I’m a sixth year grad student in the Department of Geosciences, and I’m thrilled to be part your community this year! I was born and raised in Bridgewater, NJ, just forty minutes north of Princeton. As an undergrad, I double majored in geology & humanities, lived in a residential college constructed without right angles, survived Yale’s version of the Humanities sequence, was an active member of the Catholic community, captained the Club Taekwondo team, and mastered the art of university-sponsored travel for 34 weeks of field work and field trips abroad. Stop by room 325 or find me in the dining hall if you want to talk about science and/or humanities, getting involved in undergraduate research, traveling, or if you’re just excited to share what you’re learning!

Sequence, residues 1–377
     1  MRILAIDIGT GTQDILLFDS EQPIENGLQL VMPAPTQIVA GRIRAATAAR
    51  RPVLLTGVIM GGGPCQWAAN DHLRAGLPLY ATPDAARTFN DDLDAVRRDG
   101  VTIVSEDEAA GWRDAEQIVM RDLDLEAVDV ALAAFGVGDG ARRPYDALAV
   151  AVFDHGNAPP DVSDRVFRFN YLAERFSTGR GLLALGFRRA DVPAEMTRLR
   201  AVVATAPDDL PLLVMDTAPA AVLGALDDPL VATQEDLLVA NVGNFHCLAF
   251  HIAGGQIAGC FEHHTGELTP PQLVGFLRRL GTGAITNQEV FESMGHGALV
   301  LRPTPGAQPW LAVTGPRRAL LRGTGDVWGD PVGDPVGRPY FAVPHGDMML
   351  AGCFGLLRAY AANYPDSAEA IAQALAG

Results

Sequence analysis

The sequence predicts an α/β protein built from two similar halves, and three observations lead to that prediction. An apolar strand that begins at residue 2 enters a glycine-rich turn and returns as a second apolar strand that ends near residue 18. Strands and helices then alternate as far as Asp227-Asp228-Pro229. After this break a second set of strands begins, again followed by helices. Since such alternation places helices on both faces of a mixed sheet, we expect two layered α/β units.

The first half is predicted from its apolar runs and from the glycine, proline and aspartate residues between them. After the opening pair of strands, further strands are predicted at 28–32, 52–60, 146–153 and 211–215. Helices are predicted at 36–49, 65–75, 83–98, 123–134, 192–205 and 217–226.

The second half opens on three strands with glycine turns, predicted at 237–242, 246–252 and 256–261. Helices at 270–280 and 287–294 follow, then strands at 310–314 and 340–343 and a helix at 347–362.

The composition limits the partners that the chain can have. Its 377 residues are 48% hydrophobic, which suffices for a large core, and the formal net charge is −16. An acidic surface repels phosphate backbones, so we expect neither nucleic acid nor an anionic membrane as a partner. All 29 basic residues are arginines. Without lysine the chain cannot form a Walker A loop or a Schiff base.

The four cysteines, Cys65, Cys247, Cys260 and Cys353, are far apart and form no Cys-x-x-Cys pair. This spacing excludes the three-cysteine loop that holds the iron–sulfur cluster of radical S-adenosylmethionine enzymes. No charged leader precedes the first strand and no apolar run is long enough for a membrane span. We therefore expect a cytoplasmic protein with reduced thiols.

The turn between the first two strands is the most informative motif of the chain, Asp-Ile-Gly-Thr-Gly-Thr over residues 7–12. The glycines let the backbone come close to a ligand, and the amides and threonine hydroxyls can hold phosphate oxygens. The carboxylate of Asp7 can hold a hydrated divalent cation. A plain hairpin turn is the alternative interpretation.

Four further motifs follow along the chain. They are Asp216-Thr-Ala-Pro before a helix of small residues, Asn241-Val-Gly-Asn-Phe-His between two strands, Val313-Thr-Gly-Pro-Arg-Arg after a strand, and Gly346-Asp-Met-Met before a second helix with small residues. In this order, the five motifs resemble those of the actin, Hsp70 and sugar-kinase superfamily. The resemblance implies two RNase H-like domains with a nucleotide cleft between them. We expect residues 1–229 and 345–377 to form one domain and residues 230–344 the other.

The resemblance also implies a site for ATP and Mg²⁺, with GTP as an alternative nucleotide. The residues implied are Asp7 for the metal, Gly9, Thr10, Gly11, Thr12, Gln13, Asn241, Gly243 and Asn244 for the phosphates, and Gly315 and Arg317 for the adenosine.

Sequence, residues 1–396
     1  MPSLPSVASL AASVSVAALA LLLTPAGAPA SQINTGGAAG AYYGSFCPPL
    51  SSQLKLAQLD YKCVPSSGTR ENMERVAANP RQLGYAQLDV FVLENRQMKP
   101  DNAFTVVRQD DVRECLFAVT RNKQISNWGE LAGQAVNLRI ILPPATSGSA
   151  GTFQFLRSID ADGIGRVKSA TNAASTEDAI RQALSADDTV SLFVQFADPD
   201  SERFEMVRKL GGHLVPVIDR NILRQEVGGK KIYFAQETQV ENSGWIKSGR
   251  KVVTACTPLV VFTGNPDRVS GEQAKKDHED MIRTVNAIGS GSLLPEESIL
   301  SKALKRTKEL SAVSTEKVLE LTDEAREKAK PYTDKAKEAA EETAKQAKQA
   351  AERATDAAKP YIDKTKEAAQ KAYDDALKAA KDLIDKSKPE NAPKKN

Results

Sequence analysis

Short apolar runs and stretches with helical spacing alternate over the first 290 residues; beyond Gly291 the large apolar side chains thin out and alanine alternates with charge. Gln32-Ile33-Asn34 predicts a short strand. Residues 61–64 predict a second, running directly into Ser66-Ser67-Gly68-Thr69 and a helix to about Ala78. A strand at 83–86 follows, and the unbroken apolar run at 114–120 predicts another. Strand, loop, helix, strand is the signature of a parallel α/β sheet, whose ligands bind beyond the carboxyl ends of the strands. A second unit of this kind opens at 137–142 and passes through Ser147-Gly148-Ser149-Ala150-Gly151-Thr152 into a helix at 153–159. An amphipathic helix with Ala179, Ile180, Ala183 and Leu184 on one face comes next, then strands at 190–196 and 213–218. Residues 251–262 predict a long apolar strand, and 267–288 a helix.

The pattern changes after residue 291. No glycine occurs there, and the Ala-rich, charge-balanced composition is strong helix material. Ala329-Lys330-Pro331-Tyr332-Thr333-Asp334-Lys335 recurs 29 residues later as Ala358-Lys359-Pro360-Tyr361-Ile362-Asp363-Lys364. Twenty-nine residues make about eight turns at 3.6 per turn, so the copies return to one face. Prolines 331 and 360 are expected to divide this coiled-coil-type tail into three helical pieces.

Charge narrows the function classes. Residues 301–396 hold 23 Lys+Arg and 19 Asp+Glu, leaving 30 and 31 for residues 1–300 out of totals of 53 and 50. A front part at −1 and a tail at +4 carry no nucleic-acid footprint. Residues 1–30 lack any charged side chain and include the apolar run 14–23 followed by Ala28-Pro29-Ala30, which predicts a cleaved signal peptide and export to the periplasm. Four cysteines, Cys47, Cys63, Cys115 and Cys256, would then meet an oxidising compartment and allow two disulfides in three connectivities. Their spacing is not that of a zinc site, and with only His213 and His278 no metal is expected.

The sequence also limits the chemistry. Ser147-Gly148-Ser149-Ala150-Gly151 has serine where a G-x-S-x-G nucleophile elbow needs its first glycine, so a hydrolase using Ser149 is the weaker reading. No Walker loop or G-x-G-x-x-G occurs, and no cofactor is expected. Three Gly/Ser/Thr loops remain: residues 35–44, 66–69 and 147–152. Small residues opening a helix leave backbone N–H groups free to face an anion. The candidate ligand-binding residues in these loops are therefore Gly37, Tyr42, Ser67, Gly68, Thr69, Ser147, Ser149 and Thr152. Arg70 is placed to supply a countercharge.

In grad school I see myself as an Earth historian: the stories I read now are not found in medieval texts, but rather in the rock record. I study continental flood basalts (voluminous outpourings of lava erupted on a short time scale), and use high-precision geochronology to discern the tempo of eruptions. My findings will yield insights into how quickly continents moved 2.7 billion years ago, and whether volcanism could have led to global warming 16 million years ago. I’ve been excited to pursue this research in Western Australia, the northwest US, and right here in Guyot Hall. Outside of lab, I enjoy fitness classes at Dillon, cooking and baking, listening to ‘Hamilton’ (ok that also happens inside lab), eating ice cream in town, visiting museums, hiking and camping - I hope you’ll be joining me in some of these activities over the coming year! Looking forward to meeting you and being part of your Forbes family!